No one ever feels completely content, fulfilled, and stimulated during every moment of every office day – but there are definitely little alterations to your work environment, schedule, and strategies that can help shift your mood to the positive side more often.
1. Save your favorite tasks for your least favorite time of day
Some people thrive in the morning, whereas others take hours to fully get their brains in gear. Some people get super sleepy right after lunch; others are re-energized. The key is to know yourself – there is no one best way or time for working that suits everyone. Once you get clear with yourself about which times of day you tend to be at your least effectual or unhappiest, do yourself a kindness by intentionally saving tasks or scheduling activities that you love or can do easily during those times. When you’re feeling up, you might be naturally more drawn to your favorite work things, but really, you should put your best, most positive energy into things that are difficult. Hard things only get harder when you attempt to tackle them during your weak parts of the day.
2. Knock out the annoying tasks first thing
We all have that thing we do where we look at our to-do list and avoid eye contact with certain tasks, like if we don’t look directly at them, they’ll cease to exist. Usually, they keep right on existing anyway. And putting off the things we must do that we don’t especially want to do just puts a dark little knot in your stomach all day. Your overall level of happiness will be much higher if you boldly knock out your least favorite to-dos early in the day and don’t have them looming over you.
3. Be smart about your caffeine intake
Coffee and I have a somewhat troubled relationship: I love it so much (maybe too much) and therein lies the problem. When I drink it, not only do I want to keep drinking it, I often need to. I switched to green tea during the workday, saving coffee as a weekend treat, years ago. I know that sounds insanely radical to workday coffee-drinkers but hear me out: Tea has less caffeine, which means you are less likely to suffer the dreaded crash. And since it has a lower amount of caffeine and is less acidic, you can drink more of it. I tend to nurse cups of green tea all day long, keeping my energy level at a constant, rather than suffering the ups and downs associated with coffee drinking, and I don’t feel gross and nerve-fried at the end of the day if I end up drinking a lot. Just something to consider.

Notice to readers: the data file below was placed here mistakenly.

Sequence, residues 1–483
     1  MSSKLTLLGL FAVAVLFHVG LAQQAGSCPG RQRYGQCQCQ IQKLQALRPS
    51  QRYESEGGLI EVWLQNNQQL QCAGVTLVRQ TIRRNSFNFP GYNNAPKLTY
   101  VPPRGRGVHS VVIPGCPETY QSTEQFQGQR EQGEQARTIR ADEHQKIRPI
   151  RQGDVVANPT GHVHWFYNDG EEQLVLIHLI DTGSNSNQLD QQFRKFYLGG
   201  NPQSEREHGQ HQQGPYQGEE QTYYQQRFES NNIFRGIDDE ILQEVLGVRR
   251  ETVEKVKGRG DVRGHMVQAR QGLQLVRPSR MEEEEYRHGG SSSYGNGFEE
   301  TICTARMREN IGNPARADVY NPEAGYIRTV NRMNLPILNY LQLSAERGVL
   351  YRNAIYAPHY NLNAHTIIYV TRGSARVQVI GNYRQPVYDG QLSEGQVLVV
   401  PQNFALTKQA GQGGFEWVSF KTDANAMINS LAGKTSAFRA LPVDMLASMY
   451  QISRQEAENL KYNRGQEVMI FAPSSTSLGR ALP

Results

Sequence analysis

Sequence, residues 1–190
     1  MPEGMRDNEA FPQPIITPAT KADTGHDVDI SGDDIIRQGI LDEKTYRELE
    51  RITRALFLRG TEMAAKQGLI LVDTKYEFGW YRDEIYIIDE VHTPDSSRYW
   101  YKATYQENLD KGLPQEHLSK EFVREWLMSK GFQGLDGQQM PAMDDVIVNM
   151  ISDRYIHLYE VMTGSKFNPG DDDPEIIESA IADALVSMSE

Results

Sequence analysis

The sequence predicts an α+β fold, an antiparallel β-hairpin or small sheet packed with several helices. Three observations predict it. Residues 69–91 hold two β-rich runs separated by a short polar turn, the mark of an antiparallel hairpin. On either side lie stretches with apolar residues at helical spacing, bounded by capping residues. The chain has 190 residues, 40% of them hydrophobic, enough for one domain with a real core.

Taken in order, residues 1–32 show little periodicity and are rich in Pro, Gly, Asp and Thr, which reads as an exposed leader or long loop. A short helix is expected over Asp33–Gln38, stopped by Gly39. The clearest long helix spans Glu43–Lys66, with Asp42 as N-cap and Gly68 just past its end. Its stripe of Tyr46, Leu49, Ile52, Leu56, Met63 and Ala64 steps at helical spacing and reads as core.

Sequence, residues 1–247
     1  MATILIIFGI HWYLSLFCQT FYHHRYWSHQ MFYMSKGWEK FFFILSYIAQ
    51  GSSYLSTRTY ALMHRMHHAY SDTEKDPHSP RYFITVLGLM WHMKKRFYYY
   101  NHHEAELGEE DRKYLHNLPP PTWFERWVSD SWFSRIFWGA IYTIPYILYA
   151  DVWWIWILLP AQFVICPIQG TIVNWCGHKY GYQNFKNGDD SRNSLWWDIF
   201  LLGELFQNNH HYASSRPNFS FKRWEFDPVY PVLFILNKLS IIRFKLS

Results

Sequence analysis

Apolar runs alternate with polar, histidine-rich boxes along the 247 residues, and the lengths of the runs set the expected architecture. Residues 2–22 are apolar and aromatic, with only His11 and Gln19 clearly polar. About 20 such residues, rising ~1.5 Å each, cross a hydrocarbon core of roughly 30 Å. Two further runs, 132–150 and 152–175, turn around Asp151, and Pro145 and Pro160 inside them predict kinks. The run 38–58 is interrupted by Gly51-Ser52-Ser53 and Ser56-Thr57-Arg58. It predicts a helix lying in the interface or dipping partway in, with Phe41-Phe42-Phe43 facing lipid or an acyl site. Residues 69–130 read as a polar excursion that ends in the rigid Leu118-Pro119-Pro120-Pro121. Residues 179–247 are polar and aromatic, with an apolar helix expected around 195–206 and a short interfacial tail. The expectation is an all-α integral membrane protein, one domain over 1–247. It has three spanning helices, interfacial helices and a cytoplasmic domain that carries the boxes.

4. Splurge on coffee or tea
Speaking of caffeine: Treat yourself. Spending a few extra bucks on an especially good bag of beans or tea is a minor expense that will pay off every day.
5. Find a “getaway zone” for small breaks
I firmly believe that one of the main reasons anyone still smokes cigarettes is just because it gives them an excuse to spend 5 minutes outside every hour or two. The truth is, you don’t need to kill yourself to take a moment to breathe when you need it. Whether it’s going outside, or to some space within your office (or home, if you work there), find an area that feels restful and restorative to you – and use it. Put magazine and water there, or play music. However you want to spend 5 minutes that will chill you out the most, that’s what you should do.
6. Get a work BFF
We can’t always choose who we work with, so of course it’s possible that you don’t click well with anyone in your office. But chances are, you have some avenue by which you can surround yourself with at least one person you like a lot. If you are in charge of hiring, hire yourself a bestie! Obviously, pick a qualified candidate who is capable of more than making you laugh, but there’s nothing wrong with making personal compatibility part of the job requirements.
If you work at a computer most of the day, it can be all too easy to lose yourself in what you’re doing and forget to move your body for hours on end. Make it a point to stand up and stretch, or walk (even to get water or visit the restroom) for a minute or two each hour. Your back and brain will thank you.
8. Look for flexibility in your schedule
Not every job affords the option to build a schedule that best suits your needs. We get that. But more and more, companies are wising up to the fact that not everyone works the same way, or works best at the same times of day, or in the same environment, and that very few people work at their optimal potential when chained to a desk from 9-to-5. Consequently, even companies that don’t make a point of identifying as a flexible work environment are now more likely to give you what you need – if you ask for it. Think about what conditions – working later in the day, or earlier, or working remotely a few days a week – would work best for you, and then ask. Come armed with strong arguments about what the actual return on their accommodation would be. Sure, they could shoot you down, but what if they didn’t?